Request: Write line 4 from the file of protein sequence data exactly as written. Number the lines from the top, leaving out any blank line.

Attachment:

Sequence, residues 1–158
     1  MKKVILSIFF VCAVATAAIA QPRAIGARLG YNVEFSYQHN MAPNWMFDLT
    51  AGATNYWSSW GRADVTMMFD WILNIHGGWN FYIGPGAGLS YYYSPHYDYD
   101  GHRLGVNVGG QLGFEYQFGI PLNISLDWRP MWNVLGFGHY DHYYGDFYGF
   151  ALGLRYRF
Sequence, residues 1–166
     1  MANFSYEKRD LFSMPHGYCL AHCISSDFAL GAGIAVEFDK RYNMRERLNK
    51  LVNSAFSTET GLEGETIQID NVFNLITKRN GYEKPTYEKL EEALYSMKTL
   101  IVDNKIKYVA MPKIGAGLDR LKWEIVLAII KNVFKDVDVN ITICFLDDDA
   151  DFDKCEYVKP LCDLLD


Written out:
   101  GHRLGVNVGG QLGFEYQFGI PLNISLDWRP MWNVLGFGHY DHYYGDFYGF